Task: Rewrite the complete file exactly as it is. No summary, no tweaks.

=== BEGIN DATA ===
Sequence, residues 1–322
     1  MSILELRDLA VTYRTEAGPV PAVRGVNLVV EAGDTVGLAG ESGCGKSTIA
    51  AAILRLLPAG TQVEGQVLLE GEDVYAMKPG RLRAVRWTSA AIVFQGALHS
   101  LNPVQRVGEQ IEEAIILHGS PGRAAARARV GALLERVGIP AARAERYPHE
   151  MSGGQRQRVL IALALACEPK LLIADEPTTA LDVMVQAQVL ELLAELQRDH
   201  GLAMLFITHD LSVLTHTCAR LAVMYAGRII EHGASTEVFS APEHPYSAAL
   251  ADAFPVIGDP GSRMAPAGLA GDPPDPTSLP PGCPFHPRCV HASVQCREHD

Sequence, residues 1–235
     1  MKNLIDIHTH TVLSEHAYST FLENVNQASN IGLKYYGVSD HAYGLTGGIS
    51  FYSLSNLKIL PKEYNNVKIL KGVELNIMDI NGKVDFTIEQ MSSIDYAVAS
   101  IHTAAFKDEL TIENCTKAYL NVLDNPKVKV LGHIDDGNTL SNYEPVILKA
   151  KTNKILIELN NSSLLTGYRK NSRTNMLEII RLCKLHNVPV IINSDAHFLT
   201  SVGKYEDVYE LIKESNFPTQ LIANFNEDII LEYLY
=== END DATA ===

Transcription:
Sequence, residues 1–322
     1  MSILELRDLA VTYRTEAGPV PAVRGVNLVV EAGDTVGLAG ESGCGKSTIA
    51  AAILRLLPAG TQVEGQVLLE GEDVYAMKPG RLRAVRWTSA AIVFQGALHS
   101  LNPVQRVGEQ IEEAIILHGS PGRAAARARV GALLERVGIP AARAERYPHE
   151  MSGGQRQRVL IALALACEPK LLIADEPTTA LDVMVQAQVL ELLAELQRDH
   201  GLAMLFITHD LSVLTHTCAR LAVMYAGRII EHGASTEVFS APEHPYSAAL
   251  ADAFPVIGDP GSRMAPAGLA GDPPDPTSLP PGCPFHPRCV HASVQCREHD

Sequence, residues 1–235
     1  MKNLIDIHTH TVLSEHAYST FLENVNQASN IGLKYYGVSD HAYGLTGGIS
    51  FYSLSNLKIL PKEYNNVKIL KGVELNIMDI NGKVDFTIEQ MSSIDYAVAS
   101  IHTAAFKDEL TIENCTKAYL NVLDNPKVKV LGHIDDGNTL SNYEPVILKA
   151  KTNKILIELN NSSLLTGYRK NSRTNMLEII RLCKLHNVPV IINSDAHFLT
   201  SVGKYEDVYE LIKESNFPTQ LIANFNEDII LEYLY